Exceptional in its mature complexity, the Fourth Symphony testifies to Tchaikovsky's steady progress toward the peak of his powers. That very complexity, however, makes it difficult to tie the work too directly to the painful experiences Tchaikovsky had recently undergone. In its chief characteristics, the symphony had been conceived and developed before the matrimonial disaster, though it was orchestrated and modified in its aftermath. Still, Tchaikovsky clearly considered the work a seminal achievement, embodying his emotional and creative anguish of the previous autumn and winter.
Replying to Mrs. von Meck's letter on 17 February 1878, Tchaikovsky admitted: "I was severely depressed last winter, when this symphony was being written, and it serves as a faithful echo of what I was then experiencing. But it is precisely an 'echo.' How to translate it into clear and definite sequences of words? — I cannot, I do not know."
In the same letter, he attempts nonetheless to formulate the symphony's program, postulating as its principal theme the implacability of fate — "which impedes the impulse towards the happiness of reaching one's goal, which jealously ensures that prosperity and peace never be complete and cloudless, which hangs overhead like the sword of Damocles and steadily and continually poisons the soul. It is invincible, and you will never overpower it." Yet with respect to the fourth movement, he notes: "If you can't find reasons for joy within yourself, look at others. Go among the common people. See how they are able to make merry, to give themselves up entirely to joyous feelings... Joys there are, simple but powerful. Delight in the merriment of others. Life is still possible."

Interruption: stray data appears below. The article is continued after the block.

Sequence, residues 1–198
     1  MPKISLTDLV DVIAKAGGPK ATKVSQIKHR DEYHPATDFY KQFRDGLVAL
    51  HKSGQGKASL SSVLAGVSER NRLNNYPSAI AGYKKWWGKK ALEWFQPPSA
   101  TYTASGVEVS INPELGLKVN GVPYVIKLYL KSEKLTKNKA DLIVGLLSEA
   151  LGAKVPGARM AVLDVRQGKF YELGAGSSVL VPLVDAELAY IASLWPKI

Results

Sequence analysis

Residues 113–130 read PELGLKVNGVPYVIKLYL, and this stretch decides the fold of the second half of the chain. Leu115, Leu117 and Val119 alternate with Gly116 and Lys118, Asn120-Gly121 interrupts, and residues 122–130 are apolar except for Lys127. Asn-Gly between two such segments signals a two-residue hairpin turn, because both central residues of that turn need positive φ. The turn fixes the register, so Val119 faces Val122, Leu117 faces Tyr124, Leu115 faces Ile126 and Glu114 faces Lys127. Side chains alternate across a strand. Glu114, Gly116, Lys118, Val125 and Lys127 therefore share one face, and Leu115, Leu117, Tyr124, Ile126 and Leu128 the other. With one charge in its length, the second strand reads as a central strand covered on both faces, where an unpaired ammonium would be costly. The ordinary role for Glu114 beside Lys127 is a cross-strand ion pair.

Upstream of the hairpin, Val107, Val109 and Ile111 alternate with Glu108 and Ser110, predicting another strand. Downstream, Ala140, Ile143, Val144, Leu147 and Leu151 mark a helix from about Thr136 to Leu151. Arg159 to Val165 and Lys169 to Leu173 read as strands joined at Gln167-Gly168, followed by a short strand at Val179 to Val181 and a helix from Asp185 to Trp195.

In this last sentence Tchaikovsky summarizes the psychological and creative lesson derived from this most difficult period of his life. The "best friend" responded most enthusiastically: "How delighted I was to read your description of 'our' symphony, my dear, priceless Pyotr Ilyich," she wrote on 27 February. "How happy am I to have found in you the perfect corroboration of my ideal of a composer!" By taking his personal anguish, the pain and baseness of the world, and transforming it into something sublime, Tchaikovsky had indeed fulfilled the Romantic image of the artist she held so dear.
About the Writer
Alexander Poznansky is one of the world's foremost and most active Tchaikovsky scholars. He is the author of a biography of the composer, Tchaikovsky: The Quest for the Inner Man (1991), and a documentary study, Tchaikovsky's Last Days (1996); an editor of Tchaikovsky Through Others' Eyes (1999) and co-compiler of the two-volume Tchaikovsky Handbook (2002). He works at Yale University Library in the Slavic and East European Collection.
All dates in this essay are based on the Julian calendar, which remained in effect in Russia until 1918 and in the 19th century lagged 12 days behind the western Gregorian calendar.
Copyright © 2004 Alexander Poznansky
This page was last updated on 12 February 2013